Black History Month 2018: The Flagship of Blackness


Nigeria is the flagship of blackness.

It is the largest black country in Africa. It is so big that the population of every other black country in sub-Saharan Africa that we have covered during Black History Month 2018 could fit inside Nigeria with room to spare. There are 186 million Nigerians and 21 million of them live in Lagos. To put this in perspective, the population of Lagos is nearly three times the size of New York City.


As the demographic center of blackness, Nigeria is the most important black country in the world. It is broadly dominated by 3 major ethnic groups – the Yoruba, who dominate southwest Nigeria west of the Niger River, the Igbo, who dominate southeast Nigeria east of the Niger River and the Hausa-Fulani who dominate the northern two-thirds of the country. There are hundreds of minor tribes and ethnic groups crammed into this artificial state which never shared a common history until they were cobbled together by the British into one state called Nigeria in the 20th century.


Slightly over half of Nigerians are Christians and nearly as many Nigerians are Muslims. The Christians are concentrated in the south. The Muslims are concentrated in the north. The Igbo are overwhelmingly Christians. The Hausa-Fulani are overwhelmingly Muslims. The Yoruba are slightly more Muslim than Christian. These people are all crammed together into one state.


Nigeria is one of the world’s leading oil producers. The black gold which is the source of Nigeria’s national wealth is concentrated in the southeast of the country in the Niger Delta. The bulk of Nigeria’s population lives outside the region which is the fountain of its national income.


These are keys to understanding Nigeria: the North is Muslim while the South is predominantly Christian, there are three major ethnic groups which are superpowers that dominate smaller tribes, the oil is concentrated in the Niger Delta and Lagos is the world’s largest Third World city.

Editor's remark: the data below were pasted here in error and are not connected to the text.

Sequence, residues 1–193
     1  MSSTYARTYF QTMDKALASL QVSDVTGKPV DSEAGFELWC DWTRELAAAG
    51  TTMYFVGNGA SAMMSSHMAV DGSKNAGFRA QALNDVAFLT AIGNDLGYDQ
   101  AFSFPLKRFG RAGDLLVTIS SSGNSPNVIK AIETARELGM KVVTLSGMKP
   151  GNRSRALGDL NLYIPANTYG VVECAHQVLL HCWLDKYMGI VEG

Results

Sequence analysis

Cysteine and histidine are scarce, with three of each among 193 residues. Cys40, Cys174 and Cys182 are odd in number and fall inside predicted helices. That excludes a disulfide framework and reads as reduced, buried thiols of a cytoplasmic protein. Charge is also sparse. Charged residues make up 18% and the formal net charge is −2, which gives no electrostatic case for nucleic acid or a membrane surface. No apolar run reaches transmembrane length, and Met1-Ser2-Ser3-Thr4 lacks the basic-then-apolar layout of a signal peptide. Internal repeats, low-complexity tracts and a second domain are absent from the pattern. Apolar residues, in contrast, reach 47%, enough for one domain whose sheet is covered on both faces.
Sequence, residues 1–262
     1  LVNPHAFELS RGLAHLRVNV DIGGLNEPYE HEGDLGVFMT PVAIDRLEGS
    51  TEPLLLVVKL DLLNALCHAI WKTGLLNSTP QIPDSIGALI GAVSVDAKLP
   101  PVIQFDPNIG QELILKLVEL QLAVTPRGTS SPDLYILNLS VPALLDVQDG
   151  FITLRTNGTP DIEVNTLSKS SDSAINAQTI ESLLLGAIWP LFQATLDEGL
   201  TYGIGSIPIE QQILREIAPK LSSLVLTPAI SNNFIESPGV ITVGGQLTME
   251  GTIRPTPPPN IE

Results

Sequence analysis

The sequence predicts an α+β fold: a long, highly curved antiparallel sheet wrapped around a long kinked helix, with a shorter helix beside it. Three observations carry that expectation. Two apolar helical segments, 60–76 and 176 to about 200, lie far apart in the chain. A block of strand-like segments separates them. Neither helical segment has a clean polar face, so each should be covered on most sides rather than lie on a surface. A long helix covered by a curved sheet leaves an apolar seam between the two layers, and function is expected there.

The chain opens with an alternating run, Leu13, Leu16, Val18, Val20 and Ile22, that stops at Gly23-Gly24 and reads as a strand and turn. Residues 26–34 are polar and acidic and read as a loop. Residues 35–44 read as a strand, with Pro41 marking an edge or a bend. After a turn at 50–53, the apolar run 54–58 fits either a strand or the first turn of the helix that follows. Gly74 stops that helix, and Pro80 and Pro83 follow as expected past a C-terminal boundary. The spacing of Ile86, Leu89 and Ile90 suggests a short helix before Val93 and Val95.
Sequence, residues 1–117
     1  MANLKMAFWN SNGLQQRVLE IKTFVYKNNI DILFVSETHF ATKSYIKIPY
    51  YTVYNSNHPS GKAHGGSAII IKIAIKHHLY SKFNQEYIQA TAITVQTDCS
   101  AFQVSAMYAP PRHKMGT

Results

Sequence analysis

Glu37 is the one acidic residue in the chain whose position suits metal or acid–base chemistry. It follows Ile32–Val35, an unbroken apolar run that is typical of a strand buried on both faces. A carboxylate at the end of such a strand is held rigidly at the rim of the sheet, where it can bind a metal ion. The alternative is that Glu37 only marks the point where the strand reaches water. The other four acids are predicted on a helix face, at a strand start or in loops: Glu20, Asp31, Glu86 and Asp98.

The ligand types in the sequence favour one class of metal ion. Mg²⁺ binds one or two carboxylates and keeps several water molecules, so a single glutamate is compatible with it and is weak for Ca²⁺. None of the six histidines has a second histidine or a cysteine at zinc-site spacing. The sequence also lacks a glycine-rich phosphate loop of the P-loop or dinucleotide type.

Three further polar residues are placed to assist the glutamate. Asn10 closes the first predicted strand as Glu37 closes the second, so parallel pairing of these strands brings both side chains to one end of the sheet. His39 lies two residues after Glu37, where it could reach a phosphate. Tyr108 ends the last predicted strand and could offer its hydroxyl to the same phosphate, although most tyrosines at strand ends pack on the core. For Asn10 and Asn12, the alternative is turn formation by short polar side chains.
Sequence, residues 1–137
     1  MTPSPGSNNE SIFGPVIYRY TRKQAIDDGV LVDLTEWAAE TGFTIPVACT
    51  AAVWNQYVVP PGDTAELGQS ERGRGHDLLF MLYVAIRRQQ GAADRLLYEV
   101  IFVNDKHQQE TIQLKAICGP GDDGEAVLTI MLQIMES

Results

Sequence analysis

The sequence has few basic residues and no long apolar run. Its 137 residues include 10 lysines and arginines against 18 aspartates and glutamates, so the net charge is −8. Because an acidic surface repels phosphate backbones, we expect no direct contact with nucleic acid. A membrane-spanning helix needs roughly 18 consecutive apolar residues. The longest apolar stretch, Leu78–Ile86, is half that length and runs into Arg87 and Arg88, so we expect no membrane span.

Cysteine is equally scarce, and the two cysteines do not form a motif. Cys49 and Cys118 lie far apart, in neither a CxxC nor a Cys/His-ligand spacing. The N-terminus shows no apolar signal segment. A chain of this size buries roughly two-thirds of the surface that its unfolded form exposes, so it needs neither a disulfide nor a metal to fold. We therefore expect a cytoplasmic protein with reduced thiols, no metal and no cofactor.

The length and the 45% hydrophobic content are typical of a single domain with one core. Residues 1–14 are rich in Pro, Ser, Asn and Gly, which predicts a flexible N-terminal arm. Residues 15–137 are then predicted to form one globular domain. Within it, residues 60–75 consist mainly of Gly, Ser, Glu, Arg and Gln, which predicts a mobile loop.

The Portuguese were the first Europeans to arrive in Nigeria in the late 15th century. From roughly 1570 to 1820, 3.5 million slaves were brought to the New World by the Portuguese, the Dutch, the British and the French. Probably 1 out of every 3 slaves brought to the New World were from Nigeria. They were sold to European slave traders at ports from Lagos in the west to Calabar in the east.

Most of the slaves brought to the New World from Nigeria were Yorubas and Igbos. Over a third of the slaves that were brought to the Chesapeake in Virginia and Maryland were Igbos from southeast Nigeria. Many of the Yoruba slaves ended up in Louisiana where they brought voodoo. The two leading slave trading empires in Nigeria which sold black slaves to Europeans were the Oyo Empire in southwest Nigeria and the Aro Confederacy in southeast Nigeria.

It is important to keep in mind though that the Trans-Atlantic Slave Trade wasn’t the extent of slavery in what is now Nigeria. Countless slaves worked on plantations in the interior in the Oyo Empire. Slaves were the backbone of the economy in Igboland. In the north, the Sokoto Caliphate which was created by a jihad across Nigeria in the 19th century became the largest slave state in the world. There were an estimated 2.5 million slaves in the Sokoto Caliphate when it was finally overthrown by the British in 1903.


The story of the creation of Nigeria is much the same as it was elsewhere in West Africa. Europeans arrived in the late 15th century and began purchasing slaves on the coast. The Trans-Atlantic Slave Trade reached a climax in the 18th and early 19th centuries. Europeans remained ignorant of the interior until well into the 19th century as the first European explorers like Mungo Park traced the path of the Niger River.